They were less than 20 years old when they left their countries and families to come and gamble their lives in Spain in defense of a government that was not theirs but whose ideals they shared: the Republic. They came to number 35,000 - among them writers such as George Orwell and politicians including Willy Brandt - arrived from 55 countries. Around 9,000 of them died or were taken prisoner. Today, few are still alive, but four of them have come to Spain to participate in the tribute organized by the Friends' Association of the International Brigades to mark the 75th anniversary of their creation by decree of then-Republican Prime Minister Francisco Largo Caballero.
"I was 17 and I thought I had to do something," says Briton David Lomon, who is a month away from celebrating his 93rd birthday. "I didn't want to just stand there while I saw fascism winning in Spain. The day I turned 18, I went. I didn't say anything to my mother because she would never have let me go, and I felt a lot of remorse for what she suffered, but afterwards she said she was very proud and I turned into her favorite. And I had eight brothers and sisters."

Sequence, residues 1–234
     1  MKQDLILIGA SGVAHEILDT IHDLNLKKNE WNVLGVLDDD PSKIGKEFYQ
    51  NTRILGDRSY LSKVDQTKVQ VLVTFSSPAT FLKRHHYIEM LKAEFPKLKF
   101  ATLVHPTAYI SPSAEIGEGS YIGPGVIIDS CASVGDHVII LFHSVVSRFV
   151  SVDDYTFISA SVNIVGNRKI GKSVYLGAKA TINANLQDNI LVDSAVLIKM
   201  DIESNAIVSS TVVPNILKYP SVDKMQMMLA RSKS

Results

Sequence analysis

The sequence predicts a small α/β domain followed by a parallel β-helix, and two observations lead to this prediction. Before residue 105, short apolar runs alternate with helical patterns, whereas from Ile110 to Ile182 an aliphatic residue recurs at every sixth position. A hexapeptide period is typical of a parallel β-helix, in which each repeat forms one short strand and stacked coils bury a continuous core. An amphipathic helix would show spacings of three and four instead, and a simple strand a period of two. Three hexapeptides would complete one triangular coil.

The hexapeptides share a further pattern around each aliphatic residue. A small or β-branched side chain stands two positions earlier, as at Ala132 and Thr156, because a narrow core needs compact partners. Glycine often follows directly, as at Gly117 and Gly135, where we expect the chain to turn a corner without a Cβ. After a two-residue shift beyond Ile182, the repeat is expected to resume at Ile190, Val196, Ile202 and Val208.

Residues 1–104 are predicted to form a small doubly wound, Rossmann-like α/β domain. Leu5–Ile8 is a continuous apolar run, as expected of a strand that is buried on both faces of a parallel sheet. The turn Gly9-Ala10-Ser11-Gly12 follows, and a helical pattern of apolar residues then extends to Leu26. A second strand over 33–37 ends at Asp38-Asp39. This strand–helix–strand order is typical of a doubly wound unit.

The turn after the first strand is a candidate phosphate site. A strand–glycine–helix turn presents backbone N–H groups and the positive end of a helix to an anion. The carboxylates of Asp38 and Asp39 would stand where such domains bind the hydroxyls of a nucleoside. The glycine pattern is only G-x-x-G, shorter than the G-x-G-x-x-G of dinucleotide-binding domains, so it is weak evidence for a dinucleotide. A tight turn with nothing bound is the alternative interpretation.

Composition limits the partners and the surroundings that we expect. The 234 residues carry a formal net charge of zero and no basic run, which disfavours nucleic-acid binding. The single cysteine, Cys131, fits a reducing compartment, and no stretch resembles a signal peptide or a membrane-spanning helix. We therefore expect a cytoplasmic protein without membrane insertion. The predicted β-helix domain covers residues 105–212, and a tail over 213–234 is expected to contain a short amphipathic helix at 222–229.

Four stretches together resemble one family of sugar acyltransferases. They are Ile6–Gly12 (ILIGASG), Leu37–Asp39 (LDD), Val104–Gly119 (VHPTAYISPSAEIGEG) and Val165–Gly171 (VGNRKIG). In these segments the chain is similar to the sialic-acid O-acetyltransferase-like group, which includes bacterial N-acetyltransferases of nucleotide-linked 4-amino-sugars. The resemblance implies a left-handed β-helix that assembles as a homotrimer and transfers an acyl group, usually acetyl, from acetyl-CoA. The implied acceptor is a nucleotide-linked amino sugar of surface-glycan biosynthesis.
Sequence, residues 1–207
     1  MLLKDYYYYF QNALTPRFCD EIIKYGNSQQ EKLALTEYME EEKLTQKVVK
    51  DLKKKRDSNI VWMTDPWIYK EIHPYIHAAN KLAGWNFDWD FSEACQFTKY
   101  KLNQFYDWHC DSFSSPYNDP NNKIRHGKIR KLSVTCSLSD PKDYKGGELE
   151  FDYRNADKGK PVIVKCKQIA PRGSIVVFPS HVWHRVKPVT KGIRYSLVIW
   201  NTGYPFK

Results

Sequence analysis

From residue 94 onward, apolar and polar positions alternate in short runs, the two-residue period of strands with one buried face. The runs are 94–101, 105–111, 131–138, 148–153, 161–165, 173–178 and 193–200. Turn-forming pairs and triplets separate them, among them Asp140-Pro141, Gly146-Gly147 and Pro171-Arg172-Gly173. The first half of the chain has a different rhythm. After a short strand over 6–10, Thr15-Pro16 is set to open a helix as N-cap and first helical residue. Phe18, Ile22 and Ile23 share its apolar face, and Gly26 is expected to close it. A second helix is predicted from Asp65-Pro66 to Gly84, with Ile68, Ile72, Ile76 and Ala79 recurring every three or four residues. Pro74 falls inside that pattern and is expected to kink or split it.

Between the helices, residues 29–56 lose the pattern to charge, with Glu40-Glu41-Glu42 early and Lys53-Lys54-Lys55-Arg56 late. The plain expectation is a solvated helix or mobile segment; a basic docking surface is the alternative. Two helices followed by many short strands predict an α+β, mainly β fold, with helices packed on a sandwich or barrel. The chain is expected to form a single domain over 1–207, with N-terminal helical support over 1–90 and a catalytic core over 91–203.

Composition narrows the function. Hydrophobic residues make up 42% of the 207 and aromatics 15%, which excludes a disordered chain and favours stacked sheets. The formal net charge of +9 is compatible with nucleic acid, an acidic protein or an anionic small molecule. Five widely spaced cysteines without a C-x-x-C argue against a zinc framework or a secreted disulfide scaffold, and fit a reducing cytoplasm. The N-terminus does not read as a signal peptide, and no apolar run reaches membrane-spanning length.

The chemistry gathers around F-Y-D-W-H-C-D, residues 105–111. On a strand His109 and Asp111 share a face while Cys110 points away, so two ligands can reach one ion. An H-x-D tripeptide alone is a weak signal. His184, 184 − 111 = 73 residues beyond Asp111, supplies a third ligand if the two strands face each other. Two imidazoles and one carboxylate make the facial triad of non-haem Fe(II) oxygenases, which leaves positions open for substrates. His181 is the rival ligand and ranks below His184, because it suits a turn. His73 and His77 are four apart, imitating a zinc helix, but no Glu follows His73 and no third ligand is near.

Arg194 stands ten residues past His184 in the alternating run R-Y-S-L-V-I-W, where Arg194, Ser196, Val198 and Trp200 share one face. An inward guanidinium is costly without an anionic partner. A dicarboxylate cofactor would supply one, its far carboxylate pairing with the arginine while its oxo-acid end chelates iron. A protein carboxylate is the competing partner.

"What I am most proud of in my life is having fought for the Republic"
Lomon arrived thinking they would win. "We were the good guys," he says with a smile. It didn't take him long to realize it wasn't going to be so easy. "When I arrived in Spain I wasn't aware of the magnitude of the support that the Italians and Germans were giving Franco. I wasn't expecting that. Neither was I expecting that we would be so alone. Nobody was supporting the Republicans, only volunteers."
But it was during the brief training he did before heading to the front that Lomon really realized how weak his side was. "It was terrible. For weapons we had the leftovers from the Russians in the First World War. They kept jamming. They were very delicate. Neither the heat nor the cold suited them."
The best part of his stay in Spain was meeting the Republicans, he says. "It was fascinating for me to see people so poor and at the same time so proud." He had a Spanish girlfriend during the war, but it didn't last very long. "I remember one day I invited her to the cinema, and she turned up there with her whole family!" he says, roaring with laughter.